Gender Differences Identified in Access to Care in ACS
Fewer women then men undergo reperfusion therapy in STEMI, nonprimary PCI in non-STEMI
WEDNESDAY, March 19, 2014 (HealthDay News) -- Gender differences exist in access to care among younger adults with acute coronary syndrome, according to a study published online March 17 in CMAJ, the journal of the Canadian Medical Association.
Roxanne Pelletier, Ph.D., from the McGill University Health Centre in Montréal, and colleagues examined sex-related differences in access to care for 1,123 patients (aged 18 to 55 years) with premature acute coronary syndrome. Clinical and gender-related determinants of access to care were examined.
The researchers found that receiving care within benchmark times was less likely for women than men for electrocardiography (≤10 minutes: 29 versus 38 percent; P = 0.02) or fibrinolysis (≤30 minutes: 32 versus 57 percent; P = 0.01). Compared with men, women with ST-segment elevation myocardial infarction (STEMI) had a lower likelihood of undergoing reperfusion therapy (primary percutaneous coronary intervention or fibrinolysis: 83 versus 91 percent; P = 0.01), while women with non-STEMI or unstable angina were less likely to undergo nonprimary percutaneous coronary intervention (48 versus 66 percent; P < 0.001). Anxiety, number of cardiovascular risk factors, and absence of chest pain were clinical determinants of poorer access to care. Feminine traits of personality and responsibility for housework were gender-related determinants.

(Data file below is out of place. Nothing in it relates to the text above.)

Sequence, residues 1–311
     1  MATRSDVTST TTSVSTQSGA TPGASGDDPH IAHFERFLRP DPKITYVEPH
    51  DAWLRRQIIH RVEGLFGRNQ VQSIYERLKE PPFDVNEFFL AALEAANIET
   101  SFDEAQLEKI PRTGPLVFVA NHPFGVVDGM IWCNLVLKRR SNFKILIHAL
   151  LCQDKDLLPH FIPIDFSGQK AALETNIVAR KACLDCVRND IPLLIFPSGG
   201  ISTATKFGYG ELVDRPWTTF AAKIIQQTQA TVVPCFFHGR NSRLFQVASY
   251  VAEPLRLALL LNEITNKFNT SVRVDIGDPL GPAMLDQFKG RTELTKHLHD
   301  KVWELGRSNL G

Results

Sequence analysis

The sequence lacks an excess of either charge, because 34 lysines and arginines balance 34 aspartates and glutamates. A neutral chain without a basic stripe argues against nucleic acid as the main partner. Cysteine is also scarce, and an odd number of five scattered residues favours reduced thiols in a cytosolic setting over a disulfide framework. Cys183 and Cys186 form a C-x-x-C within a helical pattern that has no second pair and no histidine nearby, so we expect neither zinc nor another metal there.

"Overall, our results showed that among younger adults with acute coronary syndrome, women and men had differing access to care," the authors write. "Future studies should assess the appropriateness of care in this population."
Two authors disclosed financial ties to the pharmaceutical industry.